Track and Traceability

Chain Traceability and Internal Traceability are Important in Modern Supply Chains

14 Min
May 25, 2024
Tracebility Use Case

What to Expect?

Track and traceability is crucial in modern supply chains because it improves transparency, efficiency, and accountability. The integration of technologies such as blockchain, IoT, RFID, big data, and AI, along with adherence to established protocols and standards, forms the backbone of effective traceability systems. These technologies are already being used in the real world: An industrial laundry in France uses a UHF RFID track and trace solution to enable the traceability of laundry items. A wool organization in Austrialia uses a customized RFID solution for the track & trace of wool bales.

1. Status Quo

What is Track and Traceability?

Track and traceability is no longer a nice-to-have, but a necessity in complex modern supply chains. In production, traceability is crucial to ensure that all processes and products are transparent and traceable. The questions “who” and “when”, in relation to the production, storage, transportation, receipt, consumption, and disposal are made transparent. This is made possible through innovative technologies like the Internet of Things (IoT), blockchain, big data solutions, and AI. IoT devices and sensors can monitor the location, condition, and status of products throughout their lifecycle, providing real-time data for traceability. Radio Frequency Identification (RFID) and machine-readable codes like QR codes and barcodes are used for tagging and tracking products and materials.

Chain Traceability VS Internal Traceability

There are two types of traceability: Chain traceability and internal traceability.

Chain traceability, also known as external traceability, refers to the ability to track a product and its components through the various stages of the supply chain, from raw material extraction to the consumer. This involves documenting and verifying the journey of a product as it moves between different supply chain stakeholders such as suppliers, manufacturers, distributors, and retailers. Chain traceability ensures that every stakeholder in the supply chain can access relevant information about the product’s history, including its origin, production processes, and distribution channels. This is crucial for quality control, regulatory compliance, and ensuring consumer trust. Chain traceability helps in identifying and addressing issues like contamination, counterfeiting, and fraud by enabling swift recalls and providing transparent product information.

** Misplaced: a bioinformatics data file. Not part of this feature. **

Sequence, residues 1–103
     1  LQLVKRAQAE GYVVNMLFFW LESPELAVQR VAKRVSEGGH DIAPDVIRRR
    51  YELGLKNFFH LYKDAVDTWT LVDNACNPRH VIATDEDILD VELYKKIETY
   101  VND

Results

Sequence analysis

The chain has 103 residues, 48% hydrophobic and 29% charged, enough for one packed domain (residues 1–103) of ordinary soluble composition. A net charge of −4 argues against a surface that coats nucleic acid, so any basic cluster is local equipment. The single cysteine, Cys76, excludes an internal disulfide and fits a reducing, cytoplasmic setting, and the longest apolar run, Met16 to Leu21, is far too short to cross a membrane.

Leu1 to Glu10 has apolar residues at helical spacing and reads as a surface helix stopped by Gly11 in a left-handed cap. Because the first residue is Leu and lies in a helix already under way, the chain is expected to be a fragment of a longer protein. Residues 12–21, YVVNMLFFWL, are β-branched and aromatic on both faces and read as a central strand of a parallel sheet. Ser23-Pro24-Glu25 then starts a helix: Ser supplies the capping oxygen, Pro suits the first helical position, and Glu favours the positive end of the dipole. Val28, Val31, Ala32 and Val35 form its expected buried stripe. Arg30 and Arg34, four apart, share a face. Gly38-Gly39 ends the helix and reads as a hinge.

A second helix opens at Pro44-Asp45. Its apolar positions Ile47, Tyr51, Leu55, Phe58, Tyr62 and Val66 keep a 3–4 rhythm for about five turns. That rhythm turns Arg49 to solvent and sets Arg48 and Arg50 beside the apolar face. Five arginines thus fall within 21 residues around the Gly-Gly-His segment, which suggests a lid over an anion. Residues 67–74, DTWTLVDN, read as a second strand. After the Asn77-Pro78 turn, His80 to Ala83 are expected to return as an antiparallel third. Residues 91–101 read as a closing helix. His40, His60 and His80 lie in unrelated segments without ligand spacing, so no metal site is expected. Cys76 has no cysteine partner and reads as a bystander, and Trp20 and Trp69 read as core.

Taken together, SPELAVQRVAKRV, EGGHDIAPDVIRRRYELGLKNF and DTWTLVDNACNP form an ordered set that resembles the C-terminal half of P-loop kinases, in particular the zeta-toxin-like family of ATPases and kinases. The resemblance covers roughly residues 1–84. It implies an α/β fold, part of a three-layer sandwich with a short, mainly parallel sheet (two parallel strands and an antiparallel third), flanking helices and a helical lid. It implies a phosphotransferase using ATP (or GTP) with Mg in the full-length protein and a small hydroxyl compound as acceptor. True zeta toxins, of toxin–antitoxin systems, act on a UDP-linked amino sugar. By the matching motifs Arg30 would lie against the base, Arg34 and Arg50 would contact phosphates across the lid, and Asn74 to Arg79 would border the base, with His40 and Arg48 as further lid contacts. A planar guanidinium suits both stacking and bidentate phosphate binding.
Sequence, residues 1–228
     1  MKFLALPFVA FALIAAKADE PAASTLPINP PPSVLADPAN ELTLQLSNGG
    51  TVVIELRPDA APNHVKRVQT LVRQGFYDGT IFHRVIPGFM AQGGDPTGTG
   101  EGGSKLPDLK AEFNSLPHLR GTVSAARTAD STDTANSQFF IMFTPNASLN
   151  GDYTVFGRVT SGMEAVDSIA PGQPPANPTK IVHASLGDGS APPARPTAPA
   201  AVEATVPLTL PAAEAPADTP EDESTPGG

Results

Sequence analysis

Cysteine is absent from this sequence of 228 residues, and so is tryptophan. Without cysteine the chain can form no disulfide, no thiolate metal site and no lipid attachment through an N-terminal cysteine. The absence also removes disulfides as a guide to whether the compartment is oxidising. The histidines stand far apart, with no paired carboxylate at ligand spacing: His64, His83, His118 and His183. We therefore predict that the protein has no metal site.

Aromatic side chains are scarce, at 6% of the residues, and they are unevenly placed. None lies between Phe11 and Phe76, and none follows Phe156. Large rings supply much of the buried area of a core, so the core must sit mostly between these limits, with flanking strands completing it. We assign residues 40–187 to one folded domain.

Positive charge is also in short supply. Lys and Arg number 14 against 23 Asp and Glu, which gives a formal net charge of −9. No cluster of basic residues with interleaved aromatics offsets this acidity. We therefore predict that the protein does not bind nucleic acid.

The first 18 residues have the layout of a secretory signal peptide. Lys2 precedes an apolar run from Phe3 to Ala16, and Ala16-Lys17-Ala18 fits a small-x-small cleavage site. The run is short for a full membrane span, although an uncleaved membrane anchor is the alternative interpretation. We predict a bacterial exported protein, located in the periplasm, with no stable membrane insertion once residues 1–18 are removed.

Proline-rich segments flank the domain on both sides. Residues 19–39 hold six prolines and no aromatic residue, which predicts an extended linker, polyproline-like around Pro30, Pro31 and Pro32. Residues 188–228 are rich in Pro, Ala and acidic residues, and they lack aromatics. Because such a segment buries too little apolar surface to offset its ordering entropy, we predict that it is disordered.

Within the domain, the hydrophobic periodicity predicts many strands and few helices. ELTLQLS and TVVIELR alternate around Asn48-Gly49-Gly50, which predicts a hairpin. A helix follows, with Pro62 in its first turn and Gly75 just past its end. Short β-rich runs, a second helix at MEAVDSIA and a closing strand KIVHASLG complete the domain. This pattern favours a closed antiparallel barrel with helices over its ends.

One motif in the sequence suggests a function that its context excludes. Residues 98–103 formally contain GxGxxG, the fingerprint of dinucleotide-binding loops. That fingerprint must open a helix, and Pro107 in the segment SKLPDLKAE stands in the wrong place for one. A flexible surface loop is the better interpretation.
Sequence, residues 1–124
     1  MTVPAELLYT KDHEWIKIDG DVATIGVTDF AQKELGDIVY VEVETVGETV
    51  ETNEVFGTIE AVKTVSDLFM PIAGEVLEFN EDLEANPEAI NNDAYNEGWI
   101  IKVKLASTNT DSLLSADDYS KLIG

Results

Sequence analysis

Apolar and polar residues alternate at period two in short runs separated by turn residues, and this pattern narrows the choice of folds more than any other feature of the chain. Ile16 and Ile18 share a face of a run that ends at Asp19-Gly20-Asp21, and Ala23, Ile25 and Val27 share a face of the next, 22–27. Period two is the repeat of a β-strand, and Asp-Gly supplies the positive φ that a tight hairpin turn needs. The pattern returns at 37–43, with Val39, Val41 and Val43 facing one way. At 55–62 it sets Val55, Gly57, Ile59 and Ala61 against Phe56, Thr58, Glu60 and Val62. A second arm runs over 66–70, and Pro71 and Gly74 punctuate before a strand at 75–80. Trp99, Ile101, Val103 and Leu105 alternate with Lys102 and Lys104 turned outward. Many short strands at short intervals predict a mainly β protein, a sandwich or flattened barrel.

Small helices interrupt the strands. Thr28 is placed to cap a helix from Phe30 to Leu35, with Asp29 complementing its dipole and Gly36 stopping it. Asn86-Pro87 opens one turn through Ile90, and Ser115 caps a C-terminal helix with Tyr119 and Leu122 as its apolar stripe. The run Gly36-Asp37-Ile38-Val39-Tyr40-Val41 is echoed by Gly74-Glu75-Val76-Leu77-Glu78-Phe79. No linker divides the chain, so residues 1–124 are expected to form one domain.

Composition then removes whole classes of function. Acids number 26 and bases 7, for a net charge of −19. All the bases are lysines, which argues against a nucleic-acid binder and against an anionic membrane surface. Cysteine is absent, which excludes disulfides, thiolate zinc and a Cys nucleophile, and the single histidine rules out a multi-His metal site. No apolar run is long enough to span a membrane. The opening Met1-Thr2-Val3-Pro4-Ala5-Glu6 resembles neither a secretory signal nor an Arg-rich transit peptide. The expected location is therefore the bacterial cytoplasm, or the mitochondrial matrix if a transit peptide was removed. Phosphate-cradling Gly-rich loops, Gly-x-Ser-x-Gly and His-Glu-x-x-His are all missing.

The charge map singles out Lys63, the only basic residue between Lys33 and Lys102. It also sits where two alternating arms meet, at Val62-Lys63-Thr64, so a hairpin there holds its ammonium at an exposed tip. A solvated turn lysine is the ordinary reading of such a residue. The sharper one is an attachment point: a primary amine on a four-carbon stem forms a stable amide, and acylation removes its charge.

Internal traceability, on the other hand, refers to the ability to track a product within a single organization or a specific part of the supply chain. It involves monitoring the flow of materials and components through various stages of the production process within a company. Internal traceability systems record data such as batch numbers, processing dates, and quality control results. This way, the movement of products within an organization can be precisely tracked. Order number tracking is an example of internal traceability.

Both products and processes are traceable. While the physical movement of a product can be traced, the processes related to the product are also traceable. A Requirements Traceability Matrix (RTM) is used to enable the traceability of requirements and tests in product development, for example. This is further explained in the sections below.

What is a Requirements Traceability Matrix (RTM)?

A Requirements Traceability Matrix (RTM) is a software development and project management tool used to ensure that all project requirements are tracked throughout the lifecycle of the project. In an ideal supply chain, an RTM is created very early in the project lifecycle, during product development.